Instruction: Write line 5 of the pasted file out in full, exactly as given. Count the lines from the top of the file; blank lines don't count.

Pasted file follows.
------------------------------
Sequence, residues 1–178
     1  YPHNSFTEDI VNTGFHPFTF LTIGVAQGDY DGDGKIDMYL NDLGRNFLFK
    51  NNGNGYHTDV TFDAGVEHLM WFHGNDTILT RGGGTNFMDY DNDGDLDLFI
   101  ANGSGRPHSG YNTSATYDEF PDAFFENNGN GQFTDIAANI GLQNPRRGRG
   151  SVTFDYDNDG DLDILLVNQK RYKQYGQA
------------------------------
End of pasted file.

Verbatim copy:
   151  SVTFDYDNDG DLDILLVNQK RYKQYGQA